Psychosocial and Fiscal Aspects For Home Sharing For The Elderly

The challenges of post-retirement for many elderly citizens can be significant. Especially, those with compromised activities of daily living (ADL), while attempting to maintain their independence in their own homes. According to the National Center of Health Statistics, ADL’s refer to activities related to personal care. Which may include bathing or showering, dressing, getting in or out of bed or a chair, using the toilet, and eating. In a National Health Interview Survey respondents were asked about needing the help of another person with personal care needs because of a physical, mental, or emotional problem. Persons are considered to have an ADL limitation if any condition(s) causing the respondent to need help with the specific activities was chronic (NCHS, 2006).

As the baby boom generation grows older, where to live after retirement can be daunting task, if un-prepared (psychologically, mentally and/or socially) for post-retirement. Furthermore, independent living as one grows older, can be a rewarding experience, if a medical and social infrastructure have been properly entertained (Administration on Aging). Since 1997, Administration of Aging has conducted nationwide interviews to quantitify the impact of ADL’s on Medicare beneficiaries.

According to the NCHS, in 2005 there were a total of 42 million Medicare recipients. In addition, expenditures for 2005 totalled $213 billion (which comprised several categories). Among the expedinture of $213 billion, $18.5 billion was to subsidize skilled nursing facitilies. Consequently, since 1970, Medicare expenditures [initially $0.2 billion] have steadily risen on average 2% to 5% per year, during the past 25 years. Fiscally, this trend is extremely alarming. While the crux of the baby boomers have not began to become eligible for Medicare.

For the past seventeen years, the Citizens Community Services, a nonprofit group located in Babylon, New York have provided home-sharing services for it’s elderly citizens. Citizens Community Services also partners with Babylon Home Sharers in the event, a problem arises. In Babylon, New York approximately 340 elderly people participate in home sharing programs in over 100 homes in the Long Island area of New York.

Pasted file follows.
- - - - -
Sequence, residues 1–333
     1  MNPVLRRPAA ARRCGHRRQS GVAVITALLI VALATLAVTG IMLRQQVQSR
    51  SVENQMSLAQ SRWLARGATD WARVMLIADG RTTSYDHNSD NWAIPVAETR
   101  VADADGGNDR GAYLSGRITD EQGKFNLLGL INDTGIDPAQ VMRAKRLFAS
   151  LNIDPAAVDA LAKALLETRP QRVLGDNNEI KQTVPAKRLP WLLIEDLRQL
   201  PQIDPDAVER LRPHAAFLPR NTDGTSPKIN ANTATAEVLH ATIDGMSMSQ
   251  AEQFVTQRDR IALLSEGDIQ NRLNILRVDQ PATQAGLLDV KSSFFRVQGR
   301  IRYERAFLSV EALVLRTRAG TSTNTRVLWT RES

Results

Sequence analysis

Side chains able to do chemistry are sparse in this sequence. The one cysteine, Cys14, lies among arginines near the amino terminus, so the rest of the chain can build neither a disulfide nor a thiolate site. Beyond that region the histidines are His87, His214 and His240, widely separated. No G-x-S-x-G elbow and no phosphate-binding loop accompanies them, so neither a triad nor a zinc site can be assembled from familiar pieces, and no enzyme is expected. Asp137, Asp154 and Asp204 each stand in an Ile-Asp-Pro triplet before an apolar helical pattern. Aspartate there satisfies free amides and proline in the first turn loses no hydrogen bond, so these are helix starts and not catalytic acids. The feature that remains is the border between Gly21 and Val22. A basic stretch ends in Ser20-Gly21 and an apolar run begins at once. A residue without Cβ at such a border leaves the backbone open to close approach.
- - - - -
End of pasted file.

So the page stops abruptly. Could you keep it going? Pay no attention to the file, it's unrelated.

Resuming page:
As affordable housing becomes scarce, programs such as this, help applicants find a suitable match for a roomate. In retrospect, the homeowner who offers his or her home to the applicant, receive rental income and possible companionship. For homeowners with compromised ADL’s, this unique opportunity offers some assistance, without giving up their independence. Screening requirements for applicants and homeowners are rigorous.

As other states look at developing their own unique models of home-sharing, due to available federal funds from the Department of Housing and Urban Development. Psycho-social models embedded in theory, will become more prevalent. This will be primarily due to the changing demographics of this population. Embracing the range of cultures, increased migration of workers and their families, and religous considerations, would be considered.

References

Administration on Aging. [Online]. Housing: Independent Living. Retrieved from http://www.aoa.gov/eldfam/Housing/Independent_Living/.asp on November 11, 2006.

National Center For Health Statistics. [Online]. Activities of Daily Living (ADL). Retrieved from http://www.cdc.gov/nchs/datawh/nchsdefs/adl.htm on November 28, 2006.

Shaman, D. (June 15, 1997). In Babylon, a Home-Sharing Program for the Elderly. New York Times.

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